Chromium, in its hexavalent form [Cr(VI)], is a dangerous environmental pollutant. Bioremediation, which exploits the capacity of microorganisms to reduce Cr(VI) to Cr(III), is an interesting alternative to chemical-physical technologies for the rehabilitation of soil contaminated by Cr(VI). This study has made it possible to obtain a profound phenotypical characterisation of a number of bacterial strains capable of reducing and resisting Cr(VI), making it possible to identify various candidates that could potentially be employed in bioremediation. Moreover, a new gene involved in resistance to Cr(VI) has also been identified, the primary function of which consists in the induction of the cellular response to sulphur starvation. The study of this gene has highlighted that the sulphur content of the soils is one of the parameters that can influence the bioremediation of soils contaminated with Cr(VI).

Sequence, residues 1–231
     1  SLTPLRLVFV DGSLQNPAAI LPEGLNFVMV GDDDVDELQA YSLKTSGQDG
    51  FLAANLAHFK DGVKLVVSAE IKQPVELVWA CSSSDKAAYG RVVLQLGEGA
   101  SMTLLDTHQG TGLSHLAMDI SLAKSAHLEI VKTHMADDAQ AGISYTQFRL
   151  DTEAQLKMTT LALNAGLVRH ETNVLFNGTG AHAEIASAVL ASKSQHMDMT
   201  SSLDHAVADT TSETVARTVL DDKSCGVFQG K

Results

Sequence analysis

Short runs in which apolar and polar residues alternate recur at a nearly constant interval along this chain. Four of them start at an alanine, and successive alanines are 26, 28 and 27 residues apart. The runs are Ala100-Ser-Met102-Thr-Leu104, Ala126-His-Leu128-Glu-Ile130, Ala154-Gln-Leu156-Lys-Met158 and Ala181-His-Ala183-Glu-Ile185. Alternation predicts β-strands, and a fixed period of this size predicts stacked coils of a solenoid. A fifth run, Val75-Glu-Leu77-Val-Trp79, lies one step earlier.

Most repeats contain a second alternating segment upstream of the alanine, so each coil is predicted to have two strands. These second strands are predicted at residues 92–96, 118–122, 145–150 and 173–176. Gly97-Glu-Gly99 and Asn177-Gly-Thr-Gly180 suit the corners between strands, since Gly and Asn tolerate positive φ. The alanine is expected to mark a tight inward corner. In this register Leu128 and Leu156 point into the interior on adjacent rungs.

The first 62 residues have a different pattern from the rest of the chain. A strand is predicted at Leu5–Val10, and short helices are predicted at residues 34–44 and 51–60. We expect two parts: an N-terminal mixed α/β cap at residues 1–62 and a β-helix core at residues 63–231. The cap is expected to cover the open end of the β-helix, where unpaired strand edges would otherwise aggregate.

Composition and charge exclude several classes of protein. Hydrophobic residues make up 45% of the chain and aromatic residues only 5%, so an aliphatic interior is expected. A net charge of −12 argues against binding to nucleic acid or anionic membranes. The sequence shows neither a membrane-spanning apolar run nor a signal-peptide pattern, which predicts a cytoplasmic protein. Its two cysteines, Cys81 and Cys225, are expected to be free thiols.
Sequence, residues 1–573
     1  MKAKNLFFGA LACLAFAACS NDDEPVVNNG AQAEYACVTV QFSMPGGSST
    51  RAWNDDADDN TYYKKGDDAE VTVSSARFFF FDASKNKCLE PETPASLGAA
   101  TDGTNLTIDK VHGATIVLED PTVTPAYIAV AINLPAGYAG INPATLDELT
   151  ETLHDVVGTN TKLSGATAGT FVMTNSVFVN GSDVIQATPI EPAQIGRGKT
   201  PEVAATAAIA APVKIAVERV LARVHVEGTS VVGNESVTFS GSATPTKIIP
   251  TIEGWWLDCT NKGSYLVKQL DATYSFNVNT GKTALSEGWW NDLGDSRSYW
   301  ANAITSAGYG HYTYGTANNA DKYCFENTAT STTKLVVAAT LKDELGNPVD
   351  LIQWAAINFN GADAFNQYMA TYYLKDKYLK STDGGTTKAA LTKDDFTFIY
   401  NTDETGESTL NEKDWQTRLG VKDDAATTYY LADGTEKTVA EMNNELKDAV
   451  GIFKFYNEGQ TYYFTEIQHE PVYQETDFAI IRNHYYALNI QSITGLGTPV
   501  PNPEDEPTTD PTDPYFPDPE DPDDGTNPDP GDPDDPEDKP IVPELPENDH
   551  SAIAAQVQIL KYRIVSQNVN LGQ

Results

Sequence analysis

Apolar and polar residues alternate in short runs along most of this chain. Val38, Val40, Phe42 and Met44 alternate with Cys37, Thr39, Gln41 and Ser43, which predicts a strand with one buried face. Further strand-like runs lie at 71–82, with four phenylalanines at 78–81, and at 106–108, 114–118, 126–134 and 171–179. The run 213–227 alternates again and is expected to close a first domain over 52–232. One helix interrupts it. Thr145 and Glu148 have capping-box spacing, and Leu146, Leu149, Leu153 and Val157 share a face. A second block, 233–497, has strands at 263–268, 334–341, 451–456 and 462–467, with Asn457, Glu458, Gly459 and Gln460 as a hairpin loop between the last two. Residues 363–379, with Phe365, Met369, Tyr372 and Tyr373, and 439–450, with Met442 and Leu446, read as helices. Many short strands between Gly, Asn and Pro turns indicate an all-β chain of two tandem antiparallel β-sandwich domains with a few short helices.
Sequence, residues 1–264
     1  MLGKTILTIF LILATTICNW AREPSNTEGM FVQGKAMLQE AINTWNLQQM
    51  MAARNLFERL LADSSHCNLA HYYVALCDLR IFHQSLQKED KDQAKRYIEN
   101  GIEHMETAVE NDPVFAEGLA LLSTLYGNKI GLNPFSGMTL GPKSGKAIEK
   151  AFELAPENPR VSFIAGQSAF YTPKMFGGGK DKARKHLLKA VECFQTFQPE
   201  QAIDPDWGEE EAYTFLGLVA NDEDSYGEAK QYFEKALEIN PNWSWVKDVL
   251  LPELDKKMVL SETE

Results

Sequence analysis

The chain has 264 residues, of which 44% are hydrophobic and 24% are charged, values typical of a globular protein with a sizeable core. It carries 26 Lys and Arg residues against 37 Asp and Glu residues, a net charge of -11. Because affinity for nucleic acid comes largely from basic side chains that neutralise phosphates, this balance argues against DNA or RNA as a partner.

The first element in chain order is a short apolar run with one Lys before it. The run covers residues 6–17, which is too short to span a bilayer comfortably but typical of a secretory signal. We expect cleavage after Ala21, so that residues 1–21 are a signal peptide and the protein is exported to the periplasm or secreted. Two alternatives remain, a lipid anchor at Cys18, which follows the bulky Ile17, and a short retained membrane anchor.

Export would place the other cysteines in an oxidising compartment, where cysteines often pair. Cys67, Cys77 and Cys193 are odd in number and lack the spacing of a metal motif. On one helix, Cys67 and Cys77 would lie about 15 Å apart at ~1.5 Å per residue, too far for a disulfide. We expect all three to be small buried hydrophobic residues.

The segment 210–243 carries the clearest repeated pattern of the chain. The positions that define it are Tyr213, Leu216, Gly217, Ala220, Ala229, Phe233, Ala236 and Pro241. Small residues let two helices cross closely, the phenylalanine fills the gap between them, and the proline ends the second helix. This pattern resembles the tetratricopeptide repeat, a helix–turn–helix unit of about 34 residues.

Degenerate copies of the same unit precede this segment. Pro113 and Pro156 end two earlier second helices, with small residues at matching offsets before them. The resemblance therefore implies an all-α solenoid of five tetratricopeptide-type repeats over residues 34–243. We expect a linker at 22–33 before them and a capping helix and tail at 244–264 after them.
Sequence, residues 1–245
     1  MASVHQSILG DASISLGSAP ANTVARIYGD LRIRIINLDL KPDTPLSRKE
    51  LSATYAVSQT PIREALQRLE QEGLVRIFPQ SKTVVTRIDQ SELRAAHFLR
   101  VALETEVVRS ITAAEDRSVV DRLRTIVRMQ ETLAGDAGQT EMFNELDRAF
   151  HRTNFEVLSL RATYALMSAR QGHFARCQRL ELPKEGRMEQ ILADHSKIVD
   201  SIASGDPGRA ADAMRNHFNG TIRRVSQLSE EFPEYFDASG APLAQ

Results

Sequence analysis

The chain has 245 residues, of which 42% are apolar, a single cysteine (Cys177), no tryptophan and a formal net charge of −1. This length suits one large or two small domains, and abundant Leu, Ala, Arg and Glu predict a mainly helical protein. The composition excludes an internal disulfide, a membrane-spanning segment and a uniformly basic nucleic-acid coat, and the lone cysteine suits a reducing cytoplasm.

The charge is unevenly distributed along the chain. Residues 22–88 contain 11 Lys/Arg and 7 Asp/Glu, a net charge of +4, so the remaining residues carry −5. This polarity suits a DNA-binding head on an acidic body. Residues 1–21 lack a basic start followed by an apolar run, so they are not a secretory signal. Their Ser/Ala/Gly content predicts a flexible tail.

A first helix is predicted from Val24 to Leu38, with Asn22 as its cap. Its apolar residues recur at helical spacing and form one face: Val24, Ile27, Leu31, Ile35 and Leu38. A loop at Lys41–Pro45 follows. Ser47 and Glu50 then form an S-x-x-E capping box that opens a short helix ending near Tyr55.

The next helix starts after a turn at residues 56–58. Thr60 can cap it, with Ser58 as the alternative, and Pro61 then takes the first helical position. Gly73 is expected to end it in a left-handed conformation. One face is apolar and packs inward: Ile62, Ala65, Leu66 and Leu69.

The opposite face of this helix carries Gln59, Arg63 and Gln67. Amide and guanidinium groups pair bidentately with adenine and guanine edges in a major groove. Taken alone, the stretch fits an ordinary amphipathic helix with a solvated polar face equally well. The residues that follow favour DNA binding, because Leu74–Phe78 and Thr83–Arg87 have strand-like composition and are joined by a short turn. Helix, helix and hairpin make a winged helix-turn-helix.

University of Florence, Italy